Conklin additionally noted how CASA has recently developed a program, partnering with Syracuse University sorority Kappa Alpha Theta-Chi, to connect kids with young, motivated women from the university for mentorship and tutoring. “Our biological parents and foster parents jump on this opportunity,” said Conklin. “They really love that positive viewpoint from these women and the extra help in their subjects.”
The roundtable additionally featured two current foster children, one of whom said some foster families are not equipped to understand mental issues prevalent amongst foster kids, such as PTSD, and don’t take the time to understand the child. “Not only are the foster parents not equipped to address that situation, but our relative caregivers aren’t equipped with that either,” said Conklin. “If you don’t get that good bonding experience as a small child you are struggling so much more as an older child,” added Conklin.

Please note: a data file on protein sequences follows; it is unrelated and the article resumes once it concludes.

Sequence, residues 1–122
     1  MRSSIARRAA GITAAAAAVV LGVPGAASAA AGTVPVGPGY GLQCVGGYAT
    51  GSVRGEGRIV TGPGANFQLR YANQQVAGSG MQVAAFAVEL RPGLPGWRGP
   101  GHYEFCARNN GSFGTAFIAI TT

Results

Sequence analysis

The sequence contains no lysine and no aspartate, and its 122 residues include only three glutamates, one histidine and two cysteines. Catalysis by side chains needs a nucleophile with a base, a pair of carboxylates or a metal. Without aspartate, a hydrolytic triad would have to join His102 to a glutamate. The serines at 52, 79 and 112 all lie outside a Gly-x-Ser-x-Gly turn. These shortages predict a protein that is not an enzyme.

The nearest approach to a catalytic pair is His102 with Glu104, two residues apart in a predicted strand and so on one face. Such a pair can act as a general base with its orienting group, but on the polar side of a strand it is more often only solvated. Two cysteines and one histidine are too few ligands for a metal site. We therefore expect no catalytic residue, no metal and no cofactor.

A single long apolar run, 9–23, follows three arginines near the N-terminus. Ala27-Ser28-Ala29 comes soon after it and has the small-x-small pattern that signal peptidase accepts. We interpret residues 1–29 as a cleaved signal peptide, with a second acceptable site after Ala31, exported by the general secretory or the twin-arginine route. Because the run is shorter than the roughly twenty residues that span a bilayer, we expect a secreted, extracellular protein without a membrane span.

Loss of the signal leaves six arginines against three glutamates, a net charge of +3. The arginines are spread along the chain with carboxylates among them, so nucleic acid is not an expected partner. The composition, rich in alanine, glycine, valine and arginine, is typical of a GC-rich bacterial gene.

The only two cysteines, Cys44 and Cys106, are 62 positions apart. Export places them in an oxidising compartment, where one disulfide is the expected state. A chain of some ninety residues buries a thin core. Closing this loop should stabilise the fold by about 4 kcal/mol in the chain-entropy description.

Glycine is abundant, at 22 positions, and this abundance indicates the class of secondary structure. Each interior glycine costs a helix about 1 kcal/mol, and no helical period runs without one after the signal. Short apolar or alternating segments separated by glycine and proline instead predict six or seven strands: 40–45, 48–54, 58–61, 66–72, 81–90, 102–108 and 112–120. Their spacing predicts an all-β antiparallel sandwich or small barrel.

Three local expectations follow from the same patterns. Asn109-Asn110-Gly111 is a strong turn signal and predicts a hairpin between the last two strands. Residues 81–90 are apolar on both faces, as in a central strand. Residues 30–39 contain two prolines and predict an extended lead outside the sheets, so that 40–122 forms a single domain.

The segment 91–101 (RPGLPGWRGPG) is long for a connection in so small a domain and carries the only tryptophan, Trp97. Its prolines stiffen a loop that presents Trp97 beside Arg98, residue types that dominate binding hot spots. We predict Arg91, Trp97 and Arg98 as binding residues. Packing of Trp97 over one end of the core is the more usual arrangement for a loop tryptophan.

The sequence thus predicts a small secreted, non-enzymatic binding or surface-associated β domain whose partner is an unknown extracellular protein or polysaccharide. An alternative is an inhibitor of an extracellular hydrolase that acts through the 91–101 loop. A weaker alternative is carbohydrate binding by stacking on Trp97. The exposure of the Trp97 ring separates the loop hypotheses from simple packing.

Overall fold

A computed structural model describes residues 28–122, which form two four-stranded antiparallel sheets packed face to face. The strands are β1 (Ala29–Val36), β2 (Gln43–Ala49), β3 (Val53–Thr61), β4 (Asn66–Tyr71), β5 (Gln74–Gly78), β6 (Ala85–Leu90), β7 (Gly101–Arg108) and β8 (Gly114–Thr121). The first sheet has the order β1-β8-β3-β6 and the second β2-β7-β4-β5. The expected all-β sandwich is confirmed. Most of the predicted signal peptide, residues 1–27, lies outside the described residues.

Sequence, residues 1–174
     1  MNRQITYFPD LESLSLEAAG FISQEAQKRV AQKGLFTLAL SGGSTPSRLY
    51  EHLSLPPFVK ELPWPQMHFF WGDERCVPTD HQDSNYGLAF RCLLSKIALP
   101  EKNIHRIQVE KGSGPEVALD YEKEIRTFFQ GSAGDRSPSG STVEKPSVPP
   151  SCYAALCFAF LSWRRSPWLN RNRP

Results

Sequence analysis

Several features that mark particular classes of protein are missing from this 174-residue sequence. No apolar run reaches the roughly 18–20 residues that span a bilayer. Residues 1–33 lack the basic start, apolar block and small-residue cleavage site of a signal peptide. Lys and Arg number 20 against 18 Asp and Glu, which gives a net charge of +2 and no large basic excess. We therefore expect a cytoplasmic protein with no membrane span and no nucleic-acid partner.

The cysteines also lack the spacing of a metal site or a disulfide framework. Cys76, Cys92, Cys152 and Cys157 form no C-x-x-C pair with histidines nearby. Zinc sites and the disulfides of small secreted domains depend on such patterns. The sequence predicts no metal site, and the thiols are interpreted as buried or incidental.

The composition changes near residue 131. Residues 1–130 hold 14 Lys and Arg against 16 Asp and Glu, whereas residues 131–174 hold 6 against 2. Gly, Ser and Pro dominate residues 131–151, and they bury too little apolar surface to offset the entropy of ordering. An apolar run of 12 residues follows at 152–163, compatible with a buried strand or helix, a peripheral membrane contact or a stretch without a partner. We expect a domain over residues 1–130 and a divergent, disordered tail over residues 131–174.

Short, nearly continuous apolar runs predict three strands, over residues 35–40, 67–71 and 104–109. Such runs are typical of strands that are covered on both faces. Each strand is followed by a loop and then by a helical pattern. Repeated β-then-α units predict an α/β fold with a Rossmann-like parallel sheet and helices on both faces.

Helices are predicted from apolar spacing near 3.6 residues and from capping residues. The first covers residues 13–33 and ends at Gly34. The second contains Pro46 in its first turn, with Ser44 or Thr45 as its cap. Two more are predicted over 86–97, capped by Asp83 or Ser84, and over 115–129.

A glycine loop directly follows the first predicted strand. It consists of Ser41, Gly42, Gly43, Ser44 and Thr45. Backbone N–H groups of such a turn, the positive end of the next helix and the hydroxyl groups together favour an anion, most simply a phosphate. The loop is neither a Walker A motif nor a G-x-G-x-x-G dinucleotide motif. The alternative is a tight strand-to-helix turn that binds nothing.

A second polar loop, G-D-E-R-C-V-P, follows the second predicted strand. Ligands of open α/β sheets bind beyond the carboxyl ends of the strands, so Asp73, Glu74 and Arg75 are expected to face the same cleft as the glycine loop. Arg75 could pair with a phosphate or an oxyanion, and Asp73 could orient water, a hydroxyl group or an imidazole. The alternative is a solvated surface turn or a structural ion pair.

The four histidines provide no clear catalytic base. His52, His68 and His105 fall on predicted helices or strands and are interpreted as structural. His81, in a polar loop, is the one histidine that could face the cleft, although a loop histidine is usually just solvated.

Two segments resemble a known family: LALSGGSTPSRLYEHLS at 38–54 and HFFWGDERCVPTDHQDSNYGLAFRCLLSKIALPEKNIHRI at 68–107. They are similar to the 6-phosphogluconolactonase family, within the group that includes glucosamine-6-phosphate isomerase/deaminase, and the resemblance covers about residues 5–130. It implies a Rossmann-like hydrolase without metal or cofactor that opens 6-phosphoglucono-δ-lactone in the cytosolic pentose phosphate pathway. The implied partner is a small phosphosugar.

Gaglianese noted that when she last attended a roundtable of foster youth they discussed how “people do a really great job at giving them independent living skills and how to budget, but nobody taught them how to attach, love, connect or who is going to be there for them as their safety net.”